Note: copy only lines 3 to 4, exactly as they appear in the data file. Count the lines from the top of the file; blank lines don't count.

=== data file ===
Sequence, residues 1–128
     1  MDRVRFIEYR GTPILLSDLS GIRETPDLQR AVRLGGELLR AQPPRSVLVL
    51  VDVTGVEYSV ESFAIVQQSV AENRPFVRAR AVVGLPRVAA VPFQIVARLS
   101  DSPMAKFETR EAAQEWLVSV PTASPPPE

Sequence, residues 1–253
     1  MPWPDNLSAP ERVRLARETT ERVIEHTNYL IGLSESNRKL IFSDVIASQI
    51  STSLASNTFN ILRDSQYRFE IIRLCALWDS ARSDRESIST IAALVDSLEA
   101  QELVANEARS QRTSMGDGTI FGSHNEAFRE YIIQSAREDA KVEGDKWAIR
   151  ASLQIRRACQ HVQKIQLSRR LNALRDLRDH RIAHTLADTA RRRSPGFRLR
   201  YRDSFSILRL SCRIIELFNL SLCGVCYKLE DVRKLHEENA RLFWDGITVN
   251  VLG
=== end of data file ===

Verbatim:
    51  VDVTGVEYSV ESFAIVQQSV AENRPFVRAR AVVGLPRVAA VPFQIVARLS
   101  DSPMAKFETR EAAQEWLVSV PTASPPPE